A town without its brass band is as much in need of sympathy as a church without a choir. The spirit of a place is recognized in its band.
--from William H. Dana's 1898 Practical Guide, as quoted by Raoul F. Camus in a review of Cornets & Pickaxes
Paul Niemisto—musician, educator, ardent researcher, and founding director of the Finnish American Brass Septet Ameriikan Poijat—has written what will surely become a valued resource for understanding the history, cultural contributions, and legacy of the brass bands that flourished in Minnesota’s Iron Range during the twentieth century’s early decades. In clarifying the inspiration for Cornets & Pickaxes: Finnish Brass on the Iron Range, Niemisto writes of a “mission to collect and preserve information about Finnish brass bands that would otherwise be lost, to measure the value and influence that these Finnish bands had in the cultural life of the early twentieth century Iron Range, and to present the medium of the old Finnish brass band as distinct and worthy, with its own repertoire, sound, and tradition.” His book accomplishes all this and more.
Cornets & Pickaxes has been wisely organized to accommodate diverse readers. Opening chapters offer just enough historical background to illuminate the development of a brass band tradition in nineteenth century Finland, the emergence of Finnish American brass bands in the upper Midwest, their gradual development, and their eventual disappearance/assimilation. This well-paced chronological background is followed by an encyclopedic array of information. Readers most curious about specific Minnesota locales or particular musicians can quickly access pertinent sections, while those more interested in broader sociological and anthopological issues, or in musicial repertoire, can also readily access relevant material. There is commentary on how Finnish American brass bands were associated with political and social activism, with churches and temperance societies, and with the rise of music education in public schools. And, from all this, a picture forms of the overall cultural development necessary for a remote region to evolve from a frontier mainly populated by rugged, and sometimes rowdy, young and diversely ethnic male immigrants working as miners and lumbermen to a thriving community suitable for family life. The book’s plentiful and well-indexed black & white archival band photographs and other illustrations make it easier to envision the past. And its generous Afterword and Bibliography detailing Niemisto’s methodology and reassuringly extensive research processes might well entice others to take up the cause of heritage investigation and preservation. In some tucked away collection of family memorabilia, unexamined for decades and perhaps even forgotten, it’s always possible that enlightening material might yet be found. And perhaps somewhere there might still be an aging relative or neighbor with important stories to tell.
The author’s ongoing active involvement in performing the music his book explores brings a bandsman's eye to his handling of the history. In commenting on an archival photograph of a Finnish Workers Band, Niemisto not only provides the expected who, where, and when of the scene, but calls attention to the attitude suggested by the tilt of the musicians’ hats, their smoldering cigars and boutonnieres of wildflowers. His analysis of the style and complexity of archival recordings and music books reflects convincing brass band expertise. His inclusion of old-time instructions to brass pupils and novice teachers charmingly reveals certain timeless elements of music teaching and learning. But perhaps this book's most profound element of all is that underscored in its Foreword by Lee Egerstrom. Ater noting that Cornets & Pickaxes offers a “glimpse at how music makers bring harmony to our communities,” Egerstrom adds that this role of musicians “remains under-appreciated in our land of immigrants and refugees.” Yet he ends with the hope that the accomplishments of the Finnish American musicians in Niemisto’s book will “shine a light for newer Americans to follow.” By helping twenty-first century readers more thoroughly appreciate how immigrant musicians in earlier times played a role in “keeping the peace, bonding community, and moving society forward,” this book’s preservation of the past can indeed become resounding inspiration for the future.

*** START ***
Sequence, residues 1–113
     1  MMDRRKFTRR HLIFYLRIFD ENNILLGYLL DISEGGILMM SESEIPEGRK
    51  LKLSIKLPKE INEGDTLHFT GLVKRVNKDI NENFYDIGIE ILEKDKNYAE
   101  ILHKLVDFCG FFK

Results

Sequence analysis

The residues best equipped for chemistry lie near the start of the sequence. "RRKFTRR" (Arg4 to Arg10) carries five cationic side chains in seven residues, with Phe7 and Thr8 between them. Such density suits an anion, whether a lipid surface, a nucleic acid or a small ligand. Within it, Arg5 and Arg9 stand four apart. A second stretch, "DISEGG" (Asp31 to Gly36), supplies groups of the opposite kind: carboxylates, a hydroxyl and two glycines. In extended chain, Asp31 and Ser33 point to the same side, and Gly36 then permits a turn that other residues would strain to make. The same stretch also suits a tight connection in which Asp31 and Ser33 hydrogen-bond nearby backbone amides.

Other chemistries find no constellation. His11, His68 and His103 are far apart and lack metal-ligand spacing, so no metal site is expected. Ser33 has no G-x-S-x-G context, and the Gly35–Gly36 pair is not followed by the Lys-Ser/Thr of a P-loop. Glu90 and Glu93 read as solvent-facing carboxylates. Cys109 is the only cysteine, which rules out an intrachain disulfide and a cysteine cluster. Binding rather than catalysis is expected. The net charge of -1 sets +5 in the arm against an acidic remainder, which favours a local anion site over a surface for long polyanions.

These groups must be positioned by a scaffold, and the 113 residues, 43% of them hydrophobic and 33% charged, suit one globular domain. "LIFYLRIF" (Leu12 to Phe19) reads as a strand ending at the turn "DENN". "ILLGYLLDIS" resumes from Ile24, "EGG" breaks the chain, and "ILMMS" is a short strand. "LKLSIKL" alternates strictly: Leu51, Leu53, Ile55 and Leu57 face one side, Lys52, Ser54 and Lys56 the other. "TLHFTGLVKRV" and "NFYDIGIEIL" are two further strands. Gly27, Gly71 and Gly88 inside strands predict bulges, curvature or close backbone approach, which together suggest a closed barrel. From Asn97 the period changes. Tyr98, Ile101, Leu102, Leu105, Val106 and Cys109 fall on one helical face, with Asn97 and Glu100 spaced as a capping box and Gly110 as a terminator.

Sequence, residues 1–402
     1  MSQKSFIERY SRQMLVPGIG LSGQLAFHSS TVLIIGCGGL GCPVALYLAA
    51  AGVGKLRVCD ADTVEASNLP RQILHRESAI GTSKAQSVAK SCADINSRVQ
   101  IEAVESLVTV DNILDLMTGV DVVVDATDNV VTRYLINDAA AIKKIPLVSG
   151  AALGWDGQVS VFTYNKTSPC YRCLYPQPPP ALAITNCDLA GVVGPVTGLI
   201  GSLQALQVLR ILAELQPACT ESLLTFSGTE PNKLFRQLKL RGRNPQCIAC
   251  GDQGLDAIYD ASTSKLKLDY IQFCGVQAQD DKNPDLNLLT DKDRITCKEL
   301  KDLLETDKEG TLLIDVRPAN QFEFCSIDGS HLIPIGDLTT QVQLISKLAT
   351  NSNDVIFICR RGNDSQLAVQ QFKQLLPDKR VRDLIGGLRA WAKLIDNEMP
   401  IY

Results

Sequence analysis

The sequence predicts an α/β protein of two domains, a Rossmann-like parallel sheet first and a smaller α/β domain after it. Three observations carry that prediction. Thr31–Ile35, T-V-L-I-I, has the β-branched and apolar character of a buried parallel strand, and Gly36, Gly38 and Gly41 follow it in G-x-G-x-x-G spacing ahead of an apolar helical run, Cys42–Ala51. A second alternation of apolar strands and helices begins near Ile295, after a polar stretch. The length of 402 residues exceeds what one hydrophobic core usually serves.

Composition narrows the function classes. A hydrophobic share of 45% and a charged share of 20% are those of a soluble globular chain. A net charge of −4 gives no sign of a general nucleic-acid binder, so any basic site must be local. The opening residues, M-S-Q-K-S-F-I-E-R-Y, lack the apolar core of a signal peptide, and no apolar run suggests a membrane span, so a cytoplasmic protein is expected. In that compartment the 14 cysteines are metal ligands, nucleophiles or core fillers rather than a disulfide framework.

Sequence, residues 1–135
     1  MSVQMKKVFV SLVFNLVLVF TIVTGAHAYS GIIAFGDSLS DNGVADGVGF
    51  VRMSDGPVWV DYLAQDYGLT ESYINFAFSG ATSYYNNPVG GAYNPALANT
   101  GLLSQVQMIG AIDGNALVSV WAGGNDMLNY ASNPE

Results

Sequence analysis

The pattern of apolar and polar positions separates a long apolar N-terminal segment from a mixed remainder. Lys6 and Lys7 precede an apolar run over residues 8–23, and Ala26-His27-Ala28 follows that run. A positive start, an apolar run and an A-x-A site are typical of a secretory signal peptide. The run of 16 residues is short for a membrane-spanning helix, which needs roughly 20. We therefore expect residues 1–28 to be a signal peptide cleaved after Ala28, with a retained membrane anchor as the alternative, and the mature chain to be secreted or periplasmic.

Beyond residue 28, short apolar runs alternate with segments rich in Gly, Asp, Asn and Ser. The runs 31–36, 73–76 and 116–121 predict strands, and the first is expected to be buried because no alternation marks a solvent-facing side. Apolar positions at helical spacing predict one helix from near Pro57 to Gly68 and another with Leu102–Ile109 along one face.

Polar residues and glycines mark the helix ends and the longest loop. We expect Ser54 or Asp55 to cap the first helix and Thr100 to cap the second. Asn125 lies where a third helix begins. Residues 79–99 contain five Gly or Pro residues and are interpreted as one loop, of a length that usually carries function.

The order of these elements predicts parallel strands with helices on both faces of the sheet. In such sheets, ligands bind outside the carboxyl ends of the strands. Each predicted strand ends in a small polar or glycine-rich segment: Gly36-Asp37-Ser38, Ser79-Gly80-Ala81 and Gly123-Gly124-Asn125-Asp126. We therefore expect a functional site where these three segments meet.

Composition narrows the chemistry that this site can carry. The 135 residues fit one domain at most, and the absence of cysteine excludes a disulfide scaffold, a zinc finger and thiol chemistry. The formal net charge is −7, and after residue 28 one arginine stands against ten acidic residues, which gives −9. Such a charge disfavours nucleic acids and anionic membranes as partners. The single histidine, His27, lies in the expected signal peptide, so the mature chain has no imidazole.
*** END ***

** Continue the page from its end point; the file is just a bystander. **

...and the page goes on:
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More From Paul Niemisto
Ameriikan Poijat (Boys of America), and Two Girls, performing in Nurmes, Finland 2012
The spirited and adventuresome Ameriikan Poijat Brass Septet has been performing and exploring the traditions of Finnish and Finnish American brass bands ever since its founding in 1990 by Director Paul Niemisto. This sustained attention now enables the band to claim the distinction of being the only brass band in the world that has played “in an ice arena, in fishing boats, on the Perhojoki river, on a raft in an abandoned mine, at Finnish border defense installations, at the McDonnell-Douglas aircraft plant, in a Wisconsin cow pasture, on a Florida beach, at an instrument museum, in a barn, and in a one room school house.”
Whether adapting to unconventional spaces or playing in concert halls and dance halls, Ameriikan Poijat has much to offer fans of the distinctively Finnish brass band tradition, newcomers to this cultural heritage, scholars in the field, and general admirers of the sounds of a hearty brass band. Their music is readily available to sample or purchase via the four album links featured below. In addition, a sampling of sheet music drawn from their research into the heritage of Finnish brass septets is available for purchase in pdf format via this link >>>>>.
Ameriikan Poijat (Boys of America), and Two Girls,
at the Old Kuopio Museum during a summer 2012 tour of Finland